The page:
Now, what exactly is Donnie trying to say here? Obviously, he is trying to say that Puig has to stop overthrowing cutoff men, trying to show the world he has a cannon for an arm, all that. But what is he REALLY trying to imply? That the front office didn’t have his back in dealing with Puig? That he felt restrained from trying to administer the brand of tough love that Puig obviously needs? And if that is what he is saying, why was Donnie so quick to protect Puig all season whenever the media questioned why he kept making the same mistakes over and over? I remember at least once when a postgame question I asked Donnie about Puig was answered with, “It feels like we’re picking on him.” Which was a clear implication that I was the one picking on him by asking the question.
And finally, Mattingly also said this:
“This has been a frustrating, tough year, honestly. … You come in basically as a lame-duck manager, and with the payroll and guys you have, you make it tough in the clubhouse, put me in a spot where you’re basically trying out, auditioning. Can you manage or not manage? To me, we’re three years in. We’re at the point where you know or you don’t.”
Meaning, obviously, that Donnie feels if he isn’t worth a new contract and some job security, then maybe the Dodgers should look elsewhere.
Looking at this from afar — and I had to watch this morning’s session on streaming video because I wasn’t in Los Angeles — my gut instinct is that Colletti has Mattingly’s back and probably is on board with giving him an extension. If not, I can’t imagine Donnie would have made such bold comments while Colletti was sitting right next to him in front of a room full of reporters. It’s more likely that Kasten, who essentially runs the day-to-day operations of the Dodgers, is the one who still needs convincing.
Kasten is one of the most accomplished and most widely respected executives in the game. But he also doesn’t suffer much nonsense. And this is pure speculation on my part here, but I can’t imagine these comments by Donnie are going to sit well with Kasten, and they certainly aren’t going to sway him more toward giving Mattingly the extension he obviously wants. The fact Mattingly’s option kicked in means only one thing, that the Dodgers have to PAY Mattingly for 2014. It doesn’t mean they have to keep him on as their manager.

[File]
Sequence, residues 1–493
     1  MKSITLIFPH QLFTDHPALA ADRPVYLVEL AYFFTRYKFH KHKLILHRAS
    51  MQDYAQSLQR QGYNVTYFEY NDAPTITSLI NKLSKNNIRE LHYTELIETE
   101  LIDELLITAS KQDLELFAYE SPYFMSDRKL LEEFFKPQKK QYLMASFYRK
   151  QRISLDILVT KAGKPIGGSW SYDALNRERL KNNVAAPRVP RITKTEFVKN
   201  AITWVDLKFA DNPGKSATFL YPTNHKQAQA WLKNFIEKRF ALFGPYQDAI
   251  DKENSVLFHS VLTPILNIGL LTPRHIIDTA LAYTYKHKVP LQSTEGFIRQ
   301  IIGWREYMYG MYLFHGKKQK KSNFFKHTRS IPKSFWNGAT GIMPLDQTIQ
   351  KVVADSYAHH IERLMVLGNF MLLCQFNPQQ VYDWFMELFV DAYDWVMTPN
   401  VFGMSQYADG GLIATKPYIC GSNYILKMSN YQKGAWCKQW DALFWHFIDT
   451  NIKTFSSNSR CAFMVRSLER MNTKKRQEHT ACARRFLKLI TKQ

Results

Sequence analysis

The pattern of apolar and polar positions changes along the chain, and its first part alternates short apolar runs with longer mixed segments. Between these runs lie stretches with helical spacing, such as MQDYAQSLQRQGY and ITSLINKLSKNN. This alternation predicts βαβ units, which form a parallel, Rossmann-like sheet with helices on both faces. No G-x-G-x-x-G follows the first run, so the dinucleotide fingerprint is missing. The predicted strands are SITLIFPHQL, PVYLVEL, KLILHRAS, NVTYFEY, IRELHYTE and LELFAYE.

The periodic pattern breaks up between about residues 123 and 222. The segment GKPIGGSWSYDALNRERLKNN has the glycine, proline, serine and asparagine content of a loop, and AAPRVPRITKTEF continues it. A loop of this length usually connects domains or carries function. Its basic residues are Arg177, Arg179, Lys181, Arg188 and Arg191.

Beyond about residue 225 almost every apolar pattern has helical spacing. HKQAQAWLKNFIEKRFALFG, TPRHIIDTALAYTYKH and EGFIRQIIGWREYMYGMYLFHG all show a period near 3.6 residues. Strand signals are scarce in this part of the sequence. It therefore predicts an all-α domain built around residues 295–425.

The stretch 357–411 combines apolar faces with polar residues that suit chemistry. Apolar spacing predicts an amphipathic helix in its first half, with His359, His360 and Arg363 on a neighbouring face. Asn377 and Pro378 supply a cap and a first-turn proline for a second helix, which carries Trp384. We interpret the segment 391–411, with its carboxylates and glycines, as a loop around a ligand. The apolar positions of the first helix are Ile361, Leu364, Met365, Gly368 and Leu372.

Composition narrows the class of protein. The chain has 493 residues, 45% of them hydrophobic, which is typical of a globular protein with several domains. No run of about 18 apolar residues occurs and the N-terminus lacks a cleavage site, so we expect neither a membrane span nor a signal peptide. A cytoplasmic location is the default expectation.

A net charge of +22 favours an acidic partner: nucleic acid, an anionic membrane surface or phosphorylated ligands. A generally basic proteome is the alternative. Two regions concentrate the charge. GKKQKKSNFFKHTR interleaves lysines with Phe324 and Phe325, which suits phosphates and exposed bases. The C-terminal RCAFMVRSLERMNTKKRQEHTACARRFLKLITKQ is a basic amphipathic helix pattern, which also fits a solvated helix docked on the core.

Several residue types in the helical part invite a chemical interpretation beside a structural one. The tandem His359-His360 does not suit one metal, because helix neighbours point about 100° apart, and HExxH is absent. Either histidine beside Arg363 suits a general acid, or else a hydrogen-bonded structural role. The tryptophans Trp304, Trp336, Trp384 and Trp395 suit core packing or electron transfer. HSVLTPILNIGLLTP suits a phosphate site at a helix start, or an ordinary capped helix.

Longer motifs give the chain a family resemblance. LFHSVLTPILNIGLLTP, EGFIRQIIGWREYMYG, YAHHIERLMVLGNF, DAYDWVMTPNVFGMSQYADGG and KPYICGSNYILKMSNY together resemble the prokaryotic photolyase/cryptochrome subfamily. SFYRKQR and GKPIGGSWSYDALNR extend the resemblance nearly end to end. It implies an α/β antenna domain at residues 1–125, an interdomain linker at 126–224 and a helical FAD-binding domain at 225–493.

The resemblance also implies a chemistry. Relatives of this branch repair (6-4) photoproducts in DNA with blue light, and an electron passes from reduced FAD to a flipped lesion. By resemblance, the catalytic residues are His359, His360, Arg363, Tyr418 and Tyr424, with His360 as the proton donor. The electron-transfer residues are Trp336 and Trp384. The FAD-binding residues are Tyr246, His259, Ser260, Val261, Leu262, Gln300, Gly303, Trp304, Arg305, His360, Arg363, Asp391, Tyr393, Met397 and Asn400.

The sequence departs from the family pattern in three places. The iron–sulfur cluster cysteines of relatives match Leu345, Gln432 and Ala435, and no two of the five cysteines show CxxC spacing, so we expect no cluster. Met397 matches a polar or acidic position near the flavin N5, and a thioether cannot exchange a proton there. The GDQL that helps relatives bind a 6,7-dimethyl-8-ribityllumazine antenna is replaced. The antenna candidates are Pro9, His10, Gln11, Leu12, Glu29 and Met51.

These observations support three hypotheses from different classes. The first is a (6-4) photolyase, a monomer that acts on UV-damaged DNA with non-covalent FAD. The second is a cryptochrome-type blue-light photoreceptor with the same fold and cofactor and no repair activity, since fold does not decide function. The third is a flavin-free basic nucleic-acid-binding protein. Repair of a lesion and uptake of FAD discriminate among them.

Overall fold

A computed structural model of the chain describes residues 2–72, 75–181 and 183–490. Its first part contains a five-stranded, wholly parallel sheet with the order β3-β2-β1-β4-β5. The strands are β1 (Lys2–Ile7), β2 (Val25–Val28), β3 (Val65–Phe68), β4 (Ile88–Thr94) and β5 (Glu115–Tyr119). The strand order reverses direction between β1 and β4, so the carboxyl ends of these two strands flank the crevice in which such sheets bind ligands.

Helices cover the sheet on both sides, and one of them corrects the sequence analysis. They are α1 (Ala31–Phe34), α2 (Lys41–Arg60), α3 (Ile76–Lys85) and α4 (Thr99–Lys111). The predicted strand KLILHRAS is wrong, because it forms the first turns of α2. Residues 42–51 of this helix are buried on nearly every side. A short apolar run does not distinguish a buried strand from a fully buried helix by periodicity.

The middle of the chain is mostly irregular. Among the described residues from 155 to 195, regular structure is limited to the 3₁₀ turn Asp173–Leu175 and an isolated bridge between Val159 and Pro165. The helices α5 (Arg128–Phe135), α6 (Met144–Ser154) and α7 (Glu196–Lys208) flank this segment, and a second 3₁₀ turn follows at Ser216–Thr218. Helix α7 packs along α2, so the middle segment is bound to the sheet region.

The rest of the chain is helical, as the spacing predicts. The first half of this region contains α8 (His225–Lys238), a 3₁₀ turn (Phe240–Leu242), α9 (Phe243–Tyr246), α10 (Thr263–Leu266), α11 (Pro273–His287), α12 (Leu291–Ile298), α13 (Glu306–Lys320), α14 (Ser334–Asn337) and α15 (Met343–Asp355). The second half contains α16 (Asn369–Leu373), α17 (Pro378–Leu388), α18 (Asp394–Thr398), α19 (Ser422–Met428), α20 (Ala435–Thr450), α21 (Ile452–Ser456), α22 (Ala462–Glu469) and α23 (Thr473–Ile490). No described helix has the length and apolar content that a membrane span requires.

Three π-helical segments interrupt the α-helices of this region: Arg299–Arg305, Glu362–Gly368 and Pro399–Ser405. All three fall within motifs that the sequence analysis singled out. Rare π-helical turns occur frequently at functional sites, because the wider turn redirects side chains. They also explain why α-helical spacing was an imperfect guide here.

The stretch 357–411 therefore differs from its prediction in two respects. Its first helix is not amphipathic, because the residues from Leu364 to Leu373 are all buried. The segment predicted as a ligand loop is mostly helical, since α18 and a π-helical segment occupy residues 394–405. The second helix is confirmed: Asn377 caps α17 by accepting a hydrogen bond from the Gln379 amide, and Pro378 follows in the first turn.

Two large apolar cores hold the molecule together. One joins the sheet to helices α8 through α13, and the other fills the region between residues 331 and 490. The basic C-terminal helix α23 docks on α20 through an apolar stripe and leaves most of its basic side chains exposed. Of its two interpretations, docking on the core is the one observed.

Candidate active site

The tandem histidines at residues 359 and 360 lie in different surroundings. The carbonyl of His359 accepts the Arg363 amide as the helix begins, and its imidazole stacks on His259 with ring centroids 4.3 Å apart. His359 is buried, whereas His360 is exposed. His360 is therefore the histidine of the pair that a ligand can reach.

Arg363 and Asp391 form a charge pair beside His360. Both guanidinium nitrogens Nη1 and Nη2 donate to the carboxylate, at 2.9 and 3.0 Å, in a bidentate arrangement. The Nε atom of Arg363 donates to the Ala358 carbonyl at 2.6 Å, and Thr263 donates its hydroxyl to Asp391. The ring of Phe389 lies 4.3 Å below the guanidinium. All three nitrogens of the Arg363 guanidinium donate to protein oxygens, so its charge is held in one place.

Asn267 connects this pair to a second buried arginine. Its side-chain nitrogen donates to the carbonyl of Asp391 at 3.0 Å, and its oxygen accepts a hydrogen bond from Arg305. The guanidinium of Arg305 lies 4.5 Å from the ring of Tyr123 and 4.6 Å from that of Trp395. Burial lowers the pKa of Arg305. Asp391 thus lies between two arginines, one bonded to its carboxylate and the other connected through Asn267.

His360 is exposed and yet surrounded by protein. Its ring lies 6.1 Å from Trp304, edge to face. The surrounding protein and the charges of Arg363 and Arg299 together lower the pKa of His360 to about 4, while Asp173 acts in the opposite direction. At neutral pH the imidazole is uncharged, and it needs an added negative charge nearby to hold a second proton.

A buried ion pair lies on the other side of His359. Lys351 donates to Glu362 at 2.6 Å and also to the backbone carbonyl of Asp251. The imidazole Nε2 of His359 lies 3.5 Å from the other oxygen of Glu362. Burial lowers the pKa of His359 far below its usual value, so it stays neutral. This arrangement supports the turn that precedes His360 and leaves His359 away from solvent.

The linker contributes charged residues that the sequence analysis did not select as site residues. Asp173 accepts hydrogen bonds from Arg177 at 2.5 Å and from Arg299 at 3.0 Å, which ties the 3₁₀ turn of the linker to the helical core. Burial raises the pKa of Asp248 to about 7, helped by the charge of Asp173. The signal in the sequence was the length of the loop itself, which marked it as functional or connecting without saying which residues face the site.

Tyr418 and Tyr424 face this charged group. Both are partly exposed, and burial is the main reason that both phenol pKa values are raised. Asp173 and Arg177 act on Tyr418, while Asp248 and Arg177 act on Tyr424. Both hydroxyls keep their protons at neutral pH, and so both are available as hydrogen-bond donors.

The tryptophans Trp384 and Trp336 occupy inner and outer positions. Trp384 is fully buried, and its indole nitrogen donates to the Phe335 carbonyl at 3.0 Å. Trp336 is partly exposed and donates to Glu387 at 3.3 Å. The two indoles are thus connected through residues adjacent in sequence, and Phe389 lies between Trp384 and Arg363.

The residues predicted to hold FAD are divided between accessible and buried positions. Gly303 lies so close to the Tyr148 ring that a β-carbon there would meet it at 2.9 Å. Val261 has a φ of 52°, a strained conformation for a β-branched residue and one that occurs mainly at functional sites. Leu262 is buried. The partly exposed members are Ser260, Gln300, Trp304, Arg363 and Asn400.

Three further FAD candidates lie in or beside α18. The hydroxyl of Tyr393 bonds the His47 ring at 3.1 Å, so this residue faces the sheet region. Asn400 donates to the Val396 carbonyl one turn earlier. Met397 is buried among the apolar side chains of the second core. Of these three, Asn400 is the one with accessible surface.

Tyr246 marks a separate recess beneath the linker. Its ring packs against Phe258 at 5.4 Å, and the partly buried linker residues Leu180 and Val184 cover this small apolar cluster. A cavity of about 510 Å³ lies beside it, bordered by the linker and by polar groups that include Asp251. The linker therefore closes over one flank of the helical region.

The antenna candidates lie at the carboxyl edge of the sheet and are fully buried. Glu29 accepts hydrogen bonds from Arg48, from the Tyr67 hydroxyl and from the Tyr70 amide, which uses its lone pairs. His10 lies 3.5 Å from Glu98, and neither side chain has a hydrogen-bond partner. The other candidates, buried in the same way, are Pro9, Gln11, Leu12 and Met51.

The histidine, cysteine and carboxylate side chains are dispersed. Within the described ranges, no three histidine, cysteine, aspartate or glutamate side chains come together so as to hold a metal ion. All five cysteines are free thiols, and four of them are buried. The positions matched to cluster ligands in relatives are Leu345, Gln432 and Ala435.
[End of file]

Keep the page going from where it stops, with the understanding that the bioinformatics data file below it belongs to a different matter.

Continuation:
On one hand, I hope Donnie didn’t put himself in a bad spot with those comments. Again, his performance in the postseason didn’t create a situation in which other teams are going to be champing at the bit to hire him as their manager if he suddenly becomes a free agent, and there certainly isn’t going to be any major outcry among the Dodgers fan base to do whatever it takes to keep him in the fold. Mattingly’s support among Dodgers fans right now is probably lukewarm at best.
But on the other hand, this is a team of high-priced stars, a team that has to be managed with delicate hands. Today’s players, especially the star-caliber ones, tend to be difficult to manage. This is a desirable job because of the name and the history and the deep-pocketed ownership and the fact the pieces are in place for any manager to come in and win, possibly even win a World Series as soon as next year. But if I’m reading Mattingly’s comments correctly about managing Puig, if there is a perception that whoever manages this club is going to be left to massage all those high-dollar egos without knowing that the front office will back him up if he has to get tough at times, how desirable is this job, really? And what caliber of candidates would the Dodgers be able to attract if they suddenly found themselves in the market for a new manager?
Who knows, maybe the Dodgers will back down and give Mattingly his extension. Maybe Mattingly will back down and decide managing the 2014 Dodgers as a lame duck is better than not managing at all, which would certainly be a possibility were he to bolt.
But Mattingly’s comments this morning certainly didn’t push either side in either of those directions. And ultimately, they may wind up pushing Mattingly right out the door.
On that other subject, Colletti said that when the Guerrero signing, which he wouldn’t confirm, is official, Guerrero will be sent to winter ball somewhere to evaluate his readiness to possibly take over as the Dodgers’ everyday second baseman next season. Colletti also was quick to say incumbent second baseman Mark Ellis still has value to the organization, which could be an indication the Dodgers will pick up Ellis’ $5.75 million club option for next season, allow him and Guerrero to compete for the job in spring training and then shop Ellis on the trade market if Guerrero steals the job.
Colletti also confirmed that the Dodgers are looking at Japanese right-hander Masahiro Tanaka of the Rakuten Eagles, who is expected to be posted this winter.